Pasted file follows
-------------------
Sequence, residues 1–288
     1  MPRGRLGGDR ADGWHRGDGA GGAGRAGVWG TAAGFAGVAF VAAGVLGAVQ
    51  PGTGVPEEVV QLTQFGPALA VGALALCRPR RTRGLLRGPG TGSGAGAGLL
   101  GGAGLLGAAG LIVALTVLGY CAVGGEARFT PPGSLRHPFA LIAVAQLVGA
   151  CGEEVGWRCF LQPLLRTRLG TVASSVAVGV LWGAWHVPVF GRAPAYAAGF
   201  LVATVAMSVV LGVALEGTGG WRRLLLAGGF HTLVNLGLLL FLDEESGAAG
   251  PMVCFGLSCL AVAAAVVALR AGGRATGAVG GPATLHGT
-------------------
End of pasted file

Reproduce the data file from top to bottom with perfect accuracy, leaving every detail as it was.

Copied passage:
Sequence, residues 1–288
     1  MPRGRLGGDR ADGWHRGDGA GGAGRAGVWG TAAGFAGVAF VAAGVLGAVQ
    51  PGTGVPEEVV QLTQFGPALA VGALALCRPR RTRGLLRGPG TGSGAGAGLL
   101  GGAGLLGAAG LIVALTVLGY CAVGGEARFT PPGSLRHPFA LIAVAQLVGA
   151  CGEEVGWRCF LQPLLRTRLG TVASSVAVGV LWGAWHVPVF GRAPAYAAGF
   201  LVATVAMSVV LGVALEGTGG WRRLLLAGGF HTLVNLGLLL FLDEESGAAG
   251  PMVCFGLSCL AVAAAVVALR AGGRATGAVG GPATLHGT